I’m usually given looks of disbelief or statements of “you are so brave” when people see photos of me with a bee beard. Ironically, the bees are incredibly calm while they’re placed. This is because they are in a swarming state, meaning they do not have a hive to protect and most are only interested in staying close to their queen bee. In nature, swarming occurs when the colony is booming and ready to split into two colonies. To the insects in a bee beard, your face replaces a tree or branch.
I was first exposed to bee beards through photos in my best friend’s childhood album. I too, was shocked at how an eleven-year-old could look so composed whilst thousands of bees crawled over her face. After she explained to me how docile and friendly they can be I was eager to try one, and get an amazing photo-op as well! So when the opportunity to try one during the Honeybee Festival at Honeybee Centre came up, I jumped on it.
The first step was to prepare myself by plugging my ears, taping my sleeves down and tucking in my shirt, to prevent the bees from getting into unwanted places. The lady who would be placing the beard and I chatted about the process as people began to gather to watch the display. She greeted the crowd and the demonstration commenced. Although a bit nervous, I kept in mind the importance of staying calm- not only for the bees but also for the fact that there are many people who are afraid of bees and I wanted to help show that they really are gentle creatures.
I took a deep breath and smiled as she placed the queen bee around my neck. To keep track of her, she had been temporarily separated from the other bees put into a little cage with string fashioned around it. Next, I was handed a sheet of thick paper to hold close to my body so that she could gently shake the swarm onto me. The bees were then added a couple hundred at a time until they were all placed.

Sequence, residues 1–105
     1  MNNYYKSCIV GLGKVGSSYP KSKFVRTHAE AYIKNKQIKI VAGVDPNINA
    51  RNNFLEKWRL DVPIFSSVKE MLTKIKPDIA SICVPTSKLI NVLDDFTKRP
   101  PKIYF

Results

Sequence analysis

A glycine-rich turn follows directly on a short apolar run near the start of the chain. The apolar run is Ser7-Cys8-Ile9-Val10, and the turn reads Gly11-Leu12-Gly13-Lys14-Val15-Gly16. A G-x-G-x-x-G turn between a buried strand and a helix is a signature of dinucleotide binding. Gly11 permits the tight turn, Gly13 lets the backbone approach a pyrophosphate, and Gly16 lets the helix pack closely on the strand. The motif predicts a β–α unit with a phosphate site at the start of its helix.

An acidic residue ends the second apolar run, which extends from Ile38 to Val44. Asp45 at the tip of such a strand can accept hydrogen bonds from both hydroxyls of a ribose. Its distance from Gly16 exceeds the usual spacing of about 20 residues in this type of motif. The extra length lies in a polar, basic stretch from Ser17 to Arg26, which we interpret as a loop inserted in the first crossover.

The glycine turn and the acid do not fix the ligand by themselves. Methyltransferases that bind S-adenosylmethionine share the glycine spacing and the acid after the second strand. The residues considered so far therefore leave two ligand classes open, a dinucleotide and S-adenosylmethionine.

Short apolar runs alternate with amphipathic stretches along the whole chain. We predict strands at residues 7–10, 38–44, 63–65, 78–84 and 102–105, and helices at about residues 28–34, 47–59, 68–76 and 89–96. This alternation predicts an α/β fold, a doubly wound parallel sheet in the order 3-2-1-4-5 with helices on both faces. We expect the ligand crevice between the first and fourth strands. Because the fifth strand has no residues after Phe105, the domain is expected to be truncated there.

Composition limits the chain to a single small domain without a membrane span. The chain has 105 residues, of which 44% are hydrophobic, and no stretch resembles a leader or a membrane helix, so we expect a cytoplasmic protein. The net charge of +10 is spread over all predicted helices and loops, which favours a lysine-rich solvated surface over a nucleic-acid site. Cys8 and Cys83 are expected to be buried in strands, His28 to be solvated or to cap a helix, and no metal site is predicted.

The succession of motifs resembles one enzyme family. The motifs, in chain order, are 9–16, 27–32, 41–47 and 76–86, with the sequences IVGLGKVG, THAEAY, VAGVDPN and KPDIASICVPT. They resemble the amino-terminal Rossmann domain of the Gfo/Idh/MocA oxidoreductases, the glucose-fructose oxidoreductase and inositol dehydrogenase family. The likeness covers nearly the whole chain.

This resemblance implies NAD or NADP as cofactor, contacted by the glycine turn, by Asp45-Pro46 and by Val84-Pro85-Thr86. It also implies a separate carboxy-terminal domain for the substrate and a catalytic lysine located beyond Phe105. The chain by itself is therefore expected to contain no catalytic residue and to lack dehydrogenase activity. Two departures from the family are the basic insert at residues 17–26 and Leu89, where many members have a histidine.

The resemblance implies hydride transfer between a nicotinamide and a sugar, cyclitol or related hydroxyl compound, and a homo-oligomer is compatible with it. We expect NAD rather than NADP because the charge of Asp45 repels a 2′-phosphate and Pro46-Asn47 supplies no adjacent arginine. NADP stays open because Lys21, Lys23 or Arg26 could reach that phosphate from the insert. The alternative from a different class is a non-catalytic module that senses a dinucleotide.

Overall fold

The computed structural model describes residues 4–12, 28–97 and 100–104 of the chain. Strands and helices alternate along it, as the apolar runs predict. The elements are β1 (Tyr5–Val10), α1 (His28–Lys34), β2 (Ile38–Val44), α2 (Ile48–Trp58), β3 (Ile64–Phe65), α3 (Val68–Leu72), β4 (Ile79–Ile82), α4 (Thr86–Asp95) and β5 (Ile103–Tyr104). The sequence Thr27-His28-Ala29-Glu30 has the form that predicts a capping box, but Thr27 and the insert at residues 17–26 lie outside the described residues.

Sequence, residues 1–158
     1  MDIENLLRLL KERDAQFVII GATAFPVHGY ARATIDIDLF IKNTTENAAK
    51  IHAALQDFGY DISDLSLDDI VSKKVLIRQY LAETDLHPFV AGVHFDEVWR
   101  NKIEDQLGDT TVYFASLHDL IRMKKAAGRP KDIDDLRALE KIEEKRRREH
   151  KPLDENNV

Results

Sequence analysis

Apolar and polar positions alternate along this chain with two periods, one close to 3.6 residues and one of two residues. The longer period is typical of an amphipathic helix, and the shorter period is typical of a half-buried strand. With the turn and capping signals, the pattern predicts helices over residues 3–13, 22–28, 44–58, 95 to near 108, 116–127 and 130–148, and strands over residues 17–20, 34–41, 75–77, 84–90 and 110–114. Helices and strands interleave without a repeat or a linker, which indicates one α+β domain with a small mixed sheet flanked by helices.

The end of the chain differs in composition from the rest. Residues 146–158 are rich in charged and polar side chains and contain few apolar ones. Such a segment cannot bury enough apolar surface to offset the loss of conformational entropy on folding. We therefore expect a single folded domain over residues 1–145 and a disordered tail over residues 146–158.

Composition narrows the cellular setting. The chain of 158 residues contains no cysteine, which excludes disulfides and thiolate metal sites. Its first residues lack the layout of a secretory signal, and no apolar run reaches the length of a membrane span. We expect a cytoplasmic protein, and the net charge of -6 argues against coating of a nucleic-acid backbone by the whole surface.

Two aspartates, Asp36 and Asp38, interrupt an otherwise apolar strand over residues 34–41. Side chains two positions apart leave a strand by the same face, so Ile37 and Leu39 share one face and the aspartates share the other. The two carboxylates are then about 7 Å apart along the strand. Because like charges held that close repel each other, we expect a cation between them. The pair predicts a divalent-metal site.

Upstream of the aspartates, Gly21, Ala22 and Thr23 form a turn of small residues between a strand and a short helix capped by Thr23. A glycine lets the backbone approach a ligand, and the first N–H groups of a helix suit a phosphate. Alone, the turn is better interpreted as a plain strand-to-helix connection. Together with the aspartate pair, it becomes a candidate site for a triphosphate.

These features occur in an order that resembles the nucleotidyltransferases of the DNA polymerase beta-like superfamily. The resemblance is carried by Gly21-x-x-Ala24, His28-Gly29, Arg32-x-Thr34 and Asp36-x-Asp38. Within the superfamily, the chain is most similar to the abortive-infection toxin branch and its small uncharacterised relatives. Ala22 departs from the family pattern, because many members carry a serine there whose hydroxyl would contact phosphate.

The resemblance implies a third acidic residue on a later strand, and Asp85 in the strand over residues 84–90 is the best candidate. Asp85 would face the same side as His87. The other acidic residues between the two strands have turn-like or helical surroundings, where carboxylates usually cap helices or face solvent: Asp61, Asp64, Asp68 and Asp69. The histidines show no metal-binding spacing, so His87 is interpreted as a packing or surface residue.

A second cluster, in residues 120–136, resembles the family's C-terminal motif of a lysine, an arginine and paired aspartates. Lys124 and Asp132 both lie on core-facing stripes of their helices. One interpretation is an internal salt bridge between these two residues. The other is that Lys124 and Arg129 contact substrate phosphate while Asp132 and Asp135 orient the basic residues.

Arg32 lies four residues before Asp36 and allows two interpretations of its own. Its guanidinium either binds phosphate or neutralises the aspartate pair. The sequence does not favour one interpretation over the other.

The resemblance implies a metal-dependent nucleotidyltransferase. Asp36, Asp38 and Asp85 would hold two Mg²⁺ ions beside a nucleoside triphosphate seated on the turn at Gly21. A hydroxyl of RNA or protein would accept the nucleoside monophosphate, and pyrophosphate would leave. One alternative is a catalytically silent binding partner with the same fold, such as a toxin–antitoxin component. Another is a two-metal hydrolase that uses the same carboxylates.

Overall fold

I could feel thousands of tiny prickly bee legs tickle me as they quickly moved up my neck and arms towards their queen. They are keen to huddle around her, so as soon as they could smell her it did not take long for me to have a full-grown beard! It was an odd sensation that I would compare to wearing a mask that was slightly vibrating and noisy. At this point in the demonstration I did a slow walk around while people gawked and clicked their cameras. To remove the bees, I was instructed to slightly lean over a large piece of cardboard and jump in a quick jolt. The majority of them came off in one large clump while the rest were brushed off.
The most commonly asked question I get is “did you get stung at all?” While it is possible to be stung during a beard and that is something that you have to keep in mind going into it, I did not get stung even once. Additionally, when I jumped to remove the bees, I had about ten get into my shirt from my neckline. I remained calm, untucked my shirt and let them fly out… not a single disgruntled bee! I even found that one had stuck around behind my ear a half hour later. Bee beards are a wonderful way to showcase that bees are not to be feared, that they can be calm and friendly! The bee beard was a success, I hadn’t been stung and I got my awesome photo-op!
Kelsey is a member of the Main Street Honey Shoppe team and is now helping take care of the Main Street Honey Shoppe hives in Vancouver.